Which adds me to another point about labelling people and the books they write. We don’t do diversity audits becase we want to label and other people and their books. We do them because we want to identify gaps in our collections because we want every single child to find not just one book, but multiple books that represent them in our collections and we know that doesn’t happen because we all have personal biases and publishing is, well, also not great at representation. You should not consider a book written by a Latinx author and starring a Latinx character as a Latinx book and silo it to a specific audience; however, you should be aware that a book has a Latinx author with a Latinx character to make sure that the Latinx population is represented in your collection and so that if you have a patron who asks for a book by a Latinx author with a Latinx character you can not only say yes, we have that, but you can put it in their hands and satify a patron request. Books are books and every book is for every person, so we want to be careful that we don’t turn this data into another way to marginalize and other books, their authors or their audience. As with everything we do, we must be vigilant to ensure that we aren’t causing more problems as we try to solve other ones. Diversity audits are a tool that be used for good, but if not approached and used correctly, they also have the potential to cause more problems and more biases. So as you should with all things, approach diversity audits with intentionality, awareness, and consideration for the impact they have on the world and the people that live in it.
So You Have a Shelflist, Now What?
Once you have come up with a good shelflist, you should also have two really important numbers:
1) A Total Number of Collection Holdings
This is a total number of titles in whatever collection you are evaluating. So if you are looking at your YA collection, you need to know the total number of YA titles that you have in a collection. In the interest of ease, let’s say the total number of books you have in your YA collection is 100 titles.
2) A Total Number of Category Holdings
This is a series of numbers that breakdown and examine the representation in the books in your collection. Again, in the interest of ease, let’s say that after evaluating said collection I have confidently identified 10 of those titles as having good, healthy, meaingful LGBTQ+ representation.
To deteremine your percentages, you will divide the smaller number (your category counts) by the larger number (your total number of holdings). This will help you determine what percentage of your collection you have for each category. So I will divide 10 by 100 and ascertain that 10% of my YA titles have LGBTQ+ representation. Now I know something about my collection and I can interpret this data and make a plan for future purchasing.
Let’s Talk for a Moment About What That Percentage Number Means
When I talk about doing collection diversity audits the question I get asked the most is this: what is the target number I should be striving for? I used to try and fumble my way to answer and have landed on this: there is no one true, correct target number that you should be striving for. What you want here is to get a snapshot of where your collection is and then work towards growth. In fact, after doing a baseline diversity audit, you should consider doing a yearly or periodic diversity audit and what you want to see is an upward trajectory in your numbers, you want to see growth. The number is not the goal, information is.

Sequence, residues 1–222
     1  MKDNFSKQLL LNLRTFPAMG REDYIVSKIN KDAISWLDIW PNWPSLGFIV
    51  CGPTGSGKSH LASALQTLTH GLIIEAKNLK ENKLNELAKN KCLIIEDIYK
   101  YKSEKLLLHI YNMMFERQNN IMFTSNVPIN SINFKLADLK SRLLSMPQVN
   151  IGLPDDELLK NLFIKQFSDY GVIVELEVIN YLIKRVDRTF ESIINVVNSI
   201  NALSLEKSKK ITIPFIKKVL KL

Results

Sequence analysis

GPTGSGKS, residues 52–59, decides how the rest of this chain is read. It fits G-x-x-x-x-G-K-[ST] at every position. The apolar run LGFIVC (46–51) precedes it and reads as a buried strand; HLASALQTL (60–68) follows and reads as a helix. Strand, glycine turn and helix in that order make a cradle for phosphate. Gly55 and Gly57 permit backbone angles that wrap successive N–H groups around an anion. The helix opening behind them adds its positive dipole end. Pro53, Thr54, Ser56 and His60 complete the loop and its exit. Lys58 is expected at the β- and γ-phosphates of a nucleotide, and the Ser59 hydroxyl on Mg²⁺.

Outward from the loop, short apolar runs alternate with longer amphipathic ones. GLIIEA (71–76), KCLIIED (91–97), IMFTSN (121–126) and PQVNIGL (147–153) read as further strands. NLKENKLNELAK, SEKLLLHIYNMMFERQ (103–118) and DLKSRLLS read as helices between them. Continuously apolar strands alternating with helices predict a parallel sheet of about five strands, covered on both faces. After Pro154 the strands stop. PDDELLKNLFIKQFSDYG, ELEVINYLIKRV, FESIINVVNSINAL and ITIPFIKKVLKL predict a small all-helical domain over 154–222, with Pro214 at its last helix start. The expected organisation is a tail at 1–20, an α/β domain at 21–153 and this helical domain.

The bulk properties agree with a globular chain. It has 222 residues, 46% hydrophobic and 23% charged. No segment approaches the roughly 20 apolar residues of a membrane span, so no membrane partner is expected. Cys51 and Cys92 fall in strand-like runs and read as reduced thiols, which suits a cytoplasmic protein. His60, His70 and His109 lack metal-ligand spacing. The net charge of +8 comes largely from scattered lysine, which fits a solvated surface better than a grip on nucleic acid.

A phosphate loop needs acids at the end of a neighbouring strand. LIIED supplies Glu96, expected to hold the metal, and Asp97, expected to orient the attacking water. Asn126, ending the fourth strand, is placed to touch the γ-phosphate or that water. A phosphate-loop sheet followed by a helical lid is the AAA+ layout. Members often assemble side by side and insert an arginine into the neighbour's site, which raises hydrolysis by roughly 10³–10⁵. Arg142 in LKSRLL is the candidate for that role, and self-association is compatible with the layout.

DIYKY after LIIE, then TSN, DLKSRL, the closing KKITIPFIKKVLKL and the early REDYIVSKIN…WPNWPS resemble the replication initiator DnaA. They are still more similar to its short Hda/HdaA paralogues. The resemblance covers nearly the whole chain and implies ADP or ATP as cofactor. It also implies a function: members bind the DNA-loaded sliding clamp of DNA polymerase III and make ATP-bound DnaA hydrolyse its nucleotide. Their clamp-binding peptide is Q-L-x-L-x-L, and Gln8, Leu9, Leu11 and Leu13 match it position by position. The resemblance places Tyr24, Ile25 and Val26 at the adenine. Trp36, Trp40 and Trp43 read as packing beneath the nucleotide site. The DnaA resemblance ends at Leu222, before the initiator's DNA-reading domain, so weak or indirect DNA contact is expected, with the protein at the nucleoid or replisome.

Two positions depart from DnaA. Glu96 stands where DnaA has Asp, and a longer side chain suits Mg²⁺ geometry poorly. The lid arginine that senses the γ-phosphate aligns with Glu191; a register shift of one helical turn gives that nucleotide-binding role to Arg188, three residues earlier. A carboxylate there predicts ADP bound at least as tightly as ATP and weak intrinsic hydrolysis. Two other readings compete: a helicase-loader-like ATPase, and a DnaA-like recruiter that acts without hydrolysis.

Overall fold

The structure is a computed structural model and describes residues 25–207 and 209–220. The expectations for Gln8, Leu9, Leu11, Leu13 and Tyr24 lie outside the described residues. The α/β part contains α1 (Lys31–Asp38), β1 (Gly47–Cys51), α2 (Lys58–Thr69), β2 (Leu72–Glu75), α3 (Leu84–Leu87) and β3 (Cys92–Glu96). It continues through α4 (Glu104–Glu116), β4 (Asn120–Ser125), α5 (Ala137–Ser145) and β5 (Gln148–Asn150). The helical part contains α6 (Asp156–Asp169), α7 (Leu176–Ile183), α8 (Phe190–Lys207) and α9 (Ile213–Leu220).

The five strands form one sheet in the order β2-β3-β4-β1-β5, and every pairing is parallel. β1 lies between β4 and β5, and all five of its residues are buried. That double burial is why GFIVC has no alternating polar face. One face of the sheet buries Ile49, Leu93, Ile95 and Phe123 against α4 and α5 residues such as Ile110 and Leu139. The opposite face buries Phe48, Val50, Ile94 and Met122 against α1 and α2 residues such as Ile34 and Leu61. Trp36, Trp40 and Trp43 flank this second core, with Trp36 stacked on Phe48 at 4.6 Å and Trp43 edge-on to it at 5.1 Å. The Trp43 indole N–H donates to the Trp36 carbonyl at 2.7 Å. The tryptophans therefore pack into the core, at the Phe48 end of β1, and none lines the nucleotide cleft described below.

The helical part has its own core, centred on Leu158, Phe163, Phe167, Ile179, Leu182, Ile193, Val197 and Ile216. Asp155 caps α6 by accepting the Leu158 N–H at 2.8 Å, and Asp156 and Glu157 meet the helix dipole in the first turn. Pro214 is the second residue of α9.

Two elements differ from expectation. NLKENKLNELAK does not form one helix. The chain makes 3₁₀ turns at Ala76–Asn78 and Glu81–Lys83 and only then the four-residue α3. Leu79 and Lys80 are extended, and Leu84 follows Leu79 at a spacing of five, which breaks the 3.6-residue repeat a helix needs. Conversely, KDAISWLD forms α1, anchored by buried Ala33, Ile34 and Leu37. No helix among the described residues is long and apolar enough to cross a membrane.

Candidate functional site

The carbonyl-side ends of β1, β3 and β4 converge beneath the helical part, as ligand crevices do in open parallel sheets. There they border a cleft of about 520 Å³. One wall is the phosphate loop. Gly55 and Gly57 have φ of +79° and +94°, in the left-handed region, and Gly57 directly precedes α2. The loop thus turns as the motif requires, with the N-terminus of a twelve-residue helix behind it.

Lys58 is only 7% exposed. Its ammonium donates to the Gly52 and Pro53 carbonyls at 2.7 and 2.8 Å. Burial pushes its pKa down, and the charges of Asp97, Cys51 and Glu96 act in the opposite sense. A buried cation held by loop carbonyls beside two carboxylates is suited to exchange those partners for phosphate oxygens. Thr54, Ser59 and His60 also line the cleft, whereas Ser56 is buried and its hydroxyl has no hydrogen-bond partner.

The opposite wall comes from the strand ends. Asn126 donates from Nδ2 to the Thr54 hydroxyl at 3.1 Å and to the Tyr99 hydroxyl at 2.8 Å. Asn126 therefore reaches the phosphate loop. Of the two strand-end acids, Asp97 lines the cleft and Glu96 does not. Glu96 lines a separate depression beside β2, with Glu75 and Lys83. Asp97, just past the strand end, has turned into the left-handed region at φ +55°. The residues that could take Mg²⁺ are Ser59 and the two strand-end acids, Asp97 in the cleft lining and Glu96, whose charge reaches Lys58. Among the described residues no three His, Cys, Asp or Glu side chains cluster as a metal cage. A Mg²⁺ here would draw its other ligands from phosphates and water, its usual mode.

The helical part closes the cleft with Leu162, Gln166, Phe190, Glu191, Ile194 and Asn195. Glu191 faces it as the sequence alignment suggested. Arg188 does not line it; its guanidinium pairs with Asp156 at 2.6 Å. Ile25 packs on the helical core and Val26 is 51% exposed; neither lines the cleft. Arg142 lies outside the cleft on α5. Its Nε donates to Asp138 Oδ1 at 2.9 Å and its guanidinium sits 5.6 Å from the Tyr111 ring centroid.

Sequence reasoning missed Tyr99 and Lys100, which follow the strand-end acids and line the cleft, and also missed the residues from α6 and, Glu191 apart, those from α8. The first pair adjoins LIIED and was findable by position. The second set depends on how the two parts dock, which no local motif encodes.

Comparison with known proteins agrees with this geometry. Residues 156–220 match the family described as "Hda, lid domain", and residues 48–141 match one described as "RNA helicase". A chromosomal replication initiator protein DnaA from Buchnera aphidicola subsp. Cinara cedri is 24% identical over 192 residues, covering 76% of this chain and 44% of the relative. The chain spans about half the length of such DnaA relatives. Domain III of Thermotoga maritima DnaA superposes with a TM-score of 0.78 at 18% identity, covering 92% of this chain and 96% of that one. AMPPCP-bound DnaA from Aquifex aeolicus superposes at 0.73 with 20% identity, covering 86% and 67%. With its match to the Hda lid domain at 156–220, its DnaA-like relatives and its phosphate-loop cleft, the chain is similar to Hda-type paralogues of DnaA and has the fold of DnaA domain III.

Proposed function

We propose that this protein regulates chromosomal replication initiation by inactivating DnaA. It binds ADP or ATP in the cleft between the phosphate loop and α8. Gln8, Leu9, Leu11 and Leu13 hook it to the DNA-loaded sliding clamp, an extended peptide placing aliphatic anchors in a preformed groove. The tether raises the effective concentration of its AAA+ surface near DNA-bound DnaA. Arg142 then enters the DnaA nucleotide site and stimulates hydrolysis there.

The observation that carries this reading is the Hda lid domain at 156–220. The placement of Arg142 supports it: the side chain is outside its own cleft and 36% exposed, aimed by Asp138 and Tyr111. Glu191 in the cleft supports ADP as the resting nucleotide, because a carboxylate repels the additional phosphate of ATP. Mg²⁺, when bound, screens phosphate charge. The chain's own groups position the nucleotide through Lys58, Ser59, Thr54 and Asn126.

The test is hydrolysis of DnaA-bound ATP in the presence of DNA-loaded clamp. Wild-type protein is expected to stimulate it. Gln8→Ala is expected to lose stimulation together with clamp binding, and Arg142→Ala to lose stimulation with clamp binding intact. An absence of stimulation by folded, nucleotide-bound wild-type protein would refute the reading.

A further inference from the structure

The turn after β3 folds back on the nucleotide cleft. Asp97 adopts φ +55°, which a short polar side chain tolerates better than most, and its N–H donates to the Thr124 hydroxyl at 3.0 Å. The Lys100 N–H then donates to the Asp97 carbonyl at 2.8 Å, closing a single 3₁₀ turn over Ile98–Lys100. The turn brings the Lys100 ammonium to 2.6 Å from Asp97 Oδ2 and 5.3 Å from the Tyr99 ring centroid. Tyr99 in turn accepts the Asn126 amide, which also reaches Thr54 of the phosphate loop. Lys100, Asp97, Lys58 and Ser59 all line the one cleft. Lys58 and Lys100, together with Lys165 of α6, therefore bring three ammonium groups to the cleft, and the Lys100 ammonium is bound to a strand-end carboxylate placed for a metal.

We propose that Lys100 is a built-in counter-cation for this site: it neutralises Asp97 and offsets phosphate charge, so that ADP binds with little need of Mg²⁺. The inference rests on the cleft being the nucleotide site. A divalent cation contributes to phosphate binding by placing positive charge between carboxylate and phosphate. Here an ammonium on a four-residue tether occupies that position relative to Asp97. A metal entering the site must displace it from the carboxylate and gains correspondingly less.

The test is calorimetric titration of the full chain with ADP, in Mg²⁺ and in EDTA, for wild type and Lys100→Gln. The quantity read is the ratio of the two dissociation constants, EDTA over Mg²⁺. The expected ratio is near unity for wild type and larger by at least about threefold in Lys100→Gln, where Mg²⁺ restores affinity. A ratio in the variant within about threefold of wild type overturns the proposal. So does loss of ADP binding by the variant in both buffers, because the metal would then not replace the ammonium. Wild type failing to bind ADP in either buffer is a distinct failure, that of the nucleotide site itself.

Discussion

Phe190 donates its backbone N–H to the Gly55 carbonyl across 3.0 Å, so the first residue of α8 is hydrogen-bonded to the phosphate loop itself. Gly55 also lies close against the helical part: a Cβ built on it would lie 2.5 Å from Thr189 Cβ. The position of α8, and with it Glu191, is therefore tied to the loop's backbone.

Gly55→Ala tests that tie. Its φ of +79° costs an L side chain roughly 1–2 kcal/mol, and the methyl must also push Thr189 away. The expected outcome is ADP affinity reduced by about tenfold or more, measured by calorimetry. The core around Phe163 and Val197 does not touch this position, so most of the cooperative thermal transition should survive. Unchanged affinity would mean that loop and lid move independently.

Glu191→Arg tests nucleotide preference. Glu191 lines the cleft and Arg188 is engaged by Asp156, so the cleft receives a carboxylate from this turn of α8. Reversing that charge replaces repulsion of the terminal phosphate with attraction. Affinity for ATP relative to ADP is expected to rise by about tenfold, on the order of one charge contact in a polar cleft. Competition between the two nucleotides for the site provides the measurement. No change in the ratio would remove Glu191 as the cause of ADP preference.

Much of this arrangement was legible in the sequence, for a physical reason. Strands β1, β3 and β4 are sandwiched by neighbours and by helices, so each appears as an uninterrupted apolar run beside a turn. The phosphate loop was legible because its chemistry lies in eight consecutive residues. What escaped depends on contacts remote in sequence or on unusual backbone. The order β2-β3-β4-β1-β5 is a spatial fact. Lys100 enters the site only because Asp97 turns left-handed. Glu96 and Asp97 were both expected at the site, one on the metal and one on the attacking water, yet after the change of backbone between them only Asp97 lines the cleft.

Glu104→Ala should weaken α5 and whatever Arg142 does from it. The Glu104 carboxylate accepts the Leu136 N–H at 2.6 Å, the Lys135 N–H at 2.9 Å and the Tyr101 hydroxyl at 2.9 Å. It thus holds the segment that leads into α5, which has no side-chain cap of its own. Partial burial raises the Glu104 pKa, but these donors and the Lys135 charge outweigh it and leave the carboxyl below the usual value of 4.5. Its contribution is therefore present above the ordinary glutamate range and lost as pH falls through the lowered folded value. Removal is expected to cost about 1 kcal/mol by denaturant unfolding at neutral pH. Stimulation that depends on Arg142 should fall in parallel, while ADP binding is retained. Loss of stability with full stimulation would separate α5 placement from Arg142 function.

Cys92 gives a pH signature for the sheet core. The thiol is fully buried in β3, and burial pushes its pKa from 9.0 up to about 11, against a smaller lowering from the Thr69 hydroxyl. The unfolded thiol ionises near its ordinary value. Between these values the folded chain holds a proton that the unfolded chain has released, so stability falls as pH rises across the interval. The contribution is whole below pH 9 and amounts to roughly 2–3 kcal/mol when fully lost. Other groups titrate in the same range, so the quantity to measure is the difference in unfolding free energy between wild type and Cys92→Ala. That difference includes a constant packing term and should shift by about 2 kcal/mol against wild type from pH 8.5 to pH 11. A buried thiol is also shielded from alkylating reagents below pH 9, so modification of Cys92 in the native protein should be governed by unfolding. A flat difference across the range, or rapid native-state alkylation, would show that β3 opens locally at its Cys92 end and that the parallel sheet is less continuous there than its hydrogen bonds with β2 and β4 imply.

Growth and accountability are also the goals, so you can use that number to track how you are doing by repeating your audits. But don’t panic, once you have that initial shelflist, you can then juse create yearly shelflists for titles added during the last year and combine that data with the previous data that you have. You only have to start from scratch once! And hopefully, you will see that you are moving in the right direction.
So, Let’s Talk More About Shelflists (something you probably will only ever hear on a librarian blog)
I have done all of my diversity audits in systems that use the Polaris ILS system and have been able to successfully create shelflists to do this task. But I know that not everyone has access to Polaris, so a did a survey to find out what other systems do and don’t allow you to do. Here’s a look at those replies:
From the responses that I got, it looks like a lot of ILS systems do allow you to create and export some type of a shelflist. So for a lot of us, this task is definitely doable.
If your system doesn’t allow you to export a shelflist, there are a few alternatives you can try. Some vendors allow you to create carts and export those titles into a shelflist with or without subject headings. I have access to 3 vendors and I tried all 3 in the quest for better data. My favorite export vendor is Bibz, and I actually create carts and export them as Excel spreadsheets for a variety of nontraditional ways, including doing diversity audits and creating recommended RA lists to share with staff.
You can also capture this data and export it into an Excel spreadsheet using Google Forms. I learned about this method from Annabelle Mortensenten. Google Forms allows you to create a series of questions that you answer for each book and then it collates the data for you.
But Isn’t It a Lot of Work? What’s the Value Here?
The truth is, yes, yes it is. But it is valuable and meaningful work. In fact, the value goes far beyond getting a percentage number. Diversity audits are for more valuable than a mere number.
For one, you will gain a deeper and more intimate knowledge of your collection, and this is a good thing. It helps every step of the way with RA, future collection development, programming, displays, and more.